…have failed alemtuzumab (Campath) and did not achieve what's called absence of minimal residual disease.  These patients are actually ones that, some of them went into our trial with 199 as a single agent, and they experienced

dramatic reductions in their lymph nodes and their white cell count.  And when it came right down to it, we couldn't detect any enlarged lymph nodes by CT scan.  We did the marrow, and under sensitive methods we could not detect leukemic cells in the marrow.

Now, I advocated that we should stop therapy.  There was some concern about wanting to continue therapy. But in my mind if we don't have any evidence of disease, why can't we stop the treatment?  So we have actually done that in some of our patients, and they have gone on to do well.  They haven't had recurrent disease.  Some are out since July of last year…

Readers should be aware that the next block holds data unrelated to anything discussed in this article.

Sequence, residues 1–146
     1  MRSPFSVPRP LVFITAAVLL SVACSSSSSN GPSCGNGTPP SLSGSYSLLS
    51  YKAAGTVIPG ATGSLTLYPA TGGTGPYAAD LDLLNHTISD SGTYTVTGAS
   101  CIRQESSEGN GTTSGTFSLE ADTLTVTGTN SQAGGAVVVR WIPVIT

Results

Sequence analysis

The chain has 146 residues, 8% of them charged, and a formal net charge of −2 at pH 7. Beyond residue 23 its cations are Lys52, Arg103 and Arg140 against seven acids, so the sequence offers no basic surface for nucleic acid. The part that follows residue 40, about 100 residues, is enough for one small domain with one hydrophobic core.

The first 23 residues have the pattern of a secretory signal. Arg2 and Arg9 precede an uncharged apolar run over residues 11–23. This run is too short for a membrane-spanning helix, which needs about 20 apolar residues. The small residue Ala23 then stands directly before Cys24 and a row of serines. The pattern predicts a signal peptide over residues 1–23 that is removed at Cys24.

Brian Koffman:

Wow.

Dr. Kipps:

And so we're following those patients.  But that is very exciting.  So the questions that remain with this is how best to use it.  As you know, it sometimes in certain patients can be reaching like a tipping point.  So patients who have very large tumor burdens, if you completely allow the leukemic cells like the Cathedral of Notre Dame, you can get some collateral damage there.

And there have been some deaths.

Dr. Kipps:

There's been some deaths because, fortunately, not at our institution, but some patients who had very extensive disease, I mean they had lymph nodes the size of a large grapefruit all throughout their body, and, unfortunately, they were on a dose of the medicine and experienced such a dramatic tumor lysis that the contents of the cell released some cells into the blood. And that's really causing problems because, as you know, the insides of the cell are much different than what you have outside the cell.

Brian Koffman:

Right.  The high potassium levels.

Dr. Kipps:

Exactly.  And that's something that we have to be very careful about.  So with the subsequent trials that were opened up after those occurrences, we actually have been monitoring patients very carefully to make sure that they don't have this.